Friday, 21 November 2008

Sensex to bottom out by March - Macquarie

MUMBAI (Reuters) - Indian stocks will likely bottom out by March when foreign fund selling eases and corporate confidence returns but investors should not expect any fireworks in 2009, a senior official at Macquarie Securities said.

The benchmark index should sit between 7,500 to 10,500 points from now until February, and the year 2009 would be flat with a 10 percent upside, Stuart Smythe, senior managing director and head of equity India, told Reuters.

The index had touched a peak of 21,206.77 points in early January 2008.

"I think the slowdown will persist through February," he said in a interview.

"You have got to understand you have got concerns over widespread redemptions, many have literally closed their books and said 2008 is a write-off. They are saying let's come back to see in 2009," he added.

Indian shares have fallen 56 percent so far in 2008, making it one of the worst performing Asian markets, hurt by massive foreign fund outflows amid the deepest global financial crisis in 80 years that has savaged equity markets across the world.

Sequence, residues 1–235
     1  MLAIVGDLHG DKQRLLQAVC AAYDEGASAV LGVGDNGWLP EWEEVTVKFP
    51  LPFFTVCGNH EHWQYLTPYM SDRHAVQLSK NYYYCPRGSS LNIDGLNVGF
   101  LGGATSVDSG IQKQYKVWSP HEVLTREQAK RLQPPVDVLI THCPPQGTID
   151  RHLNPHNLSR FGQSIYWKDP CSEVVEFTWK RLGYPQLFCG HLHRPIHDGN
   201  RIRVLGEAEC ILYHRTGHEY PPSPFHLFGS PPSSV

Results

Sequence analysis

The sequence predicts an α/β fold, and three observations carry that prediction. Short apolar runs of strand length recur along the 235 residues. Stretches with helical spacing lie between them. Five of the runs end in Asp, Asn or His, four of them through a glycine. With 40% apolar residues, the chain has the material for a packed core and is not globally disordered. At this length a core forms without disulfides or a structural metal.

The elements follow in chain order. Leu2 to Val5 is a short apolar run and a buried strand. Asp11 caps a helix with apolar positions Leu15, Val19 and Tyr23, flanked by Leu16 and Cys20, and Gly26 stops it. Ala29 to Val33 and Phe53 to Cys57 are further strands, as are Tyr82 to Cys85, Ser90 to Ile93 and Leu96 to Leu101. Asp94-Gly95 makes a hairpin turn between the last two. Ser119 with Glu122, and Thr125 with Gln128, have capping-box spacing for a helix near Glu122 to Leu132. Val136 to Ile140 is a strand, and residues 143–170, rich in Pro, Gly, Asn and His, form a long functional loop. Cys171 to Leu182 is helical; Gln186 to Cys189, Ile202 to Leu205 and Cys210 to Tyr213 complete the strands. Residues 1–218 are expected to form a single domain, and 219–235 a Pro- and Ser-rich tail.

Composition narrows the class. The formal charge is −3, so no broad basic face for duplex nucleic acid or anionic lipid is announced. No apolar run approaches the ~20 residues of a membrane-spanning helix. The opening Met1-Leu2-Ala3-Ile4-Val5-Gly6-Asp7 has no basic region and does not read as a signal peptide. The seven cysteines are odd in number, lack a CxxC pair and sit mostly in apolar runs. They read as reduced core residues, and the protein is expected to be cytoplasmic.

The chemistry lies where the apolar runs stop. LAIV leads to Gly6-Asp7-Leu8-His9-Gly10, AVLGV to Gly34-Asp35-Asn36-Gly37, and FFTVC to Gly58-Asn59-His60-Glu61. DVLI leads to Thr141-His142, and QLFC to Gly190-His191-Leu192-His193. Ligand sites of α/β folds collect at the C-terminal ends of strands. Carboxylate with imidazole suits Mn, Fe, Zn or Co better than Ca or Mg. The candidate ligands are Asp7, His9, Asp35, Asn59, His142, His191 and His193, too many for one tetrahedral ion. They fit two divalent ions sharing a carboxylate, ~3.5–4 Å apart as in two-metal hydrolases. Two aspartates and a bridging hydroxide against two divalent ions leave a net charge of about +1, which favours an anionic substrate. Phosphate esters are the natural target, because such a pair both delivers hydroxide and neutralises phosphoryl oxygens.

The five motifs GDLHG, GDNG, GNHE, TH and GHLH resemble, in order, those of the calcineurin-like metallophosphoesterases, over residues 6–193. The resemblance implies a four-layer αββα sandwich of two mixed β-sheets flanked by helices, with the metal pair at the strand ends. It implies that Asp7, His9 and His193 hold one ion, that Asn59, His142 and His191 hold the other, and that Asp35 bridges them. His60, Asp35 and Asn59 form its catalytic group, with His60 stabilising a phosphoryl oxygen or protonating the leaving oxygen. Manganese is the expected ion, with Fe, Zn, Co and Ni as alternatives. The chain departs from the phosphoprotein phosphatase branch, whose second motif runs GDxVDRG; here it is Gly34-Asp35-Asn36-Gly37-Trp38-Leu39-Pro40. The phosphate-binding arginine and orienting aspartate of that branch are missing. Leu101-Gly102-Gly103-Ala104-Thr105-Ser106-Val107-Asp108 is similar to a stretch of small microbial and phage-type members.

Foreign funds have sold a net $13.3 billion in Indian shares so far in 2008 compared with record inflows of $17.4 billion in 2007 bolstered by a five-year bull run.

"People are reassessing whether they need to be in India at all given you have developed markets and world class companies that are cheaper than Indian stocks," Smythe said.

India was a one-way bet up to January this year. Now, with all that is going on, it has become imperative for good companies to come out and differentiate themselves, he said.

There is still a strong level of interest for Indian companies that are regional or global leaders and endowed with strong balance sheets, good earnings growth, low gearing and defensible market positions, he added.

"But global liquidity and the velocity of the same, which has really driven markets, have diminished massively," Smythe said.

"We have had now four quarters of EPS (earnings per share) and margin deterioration," he said. "Margin rebound will probably be the strongest positive indicator and that will be a quarter if not two quarters away."

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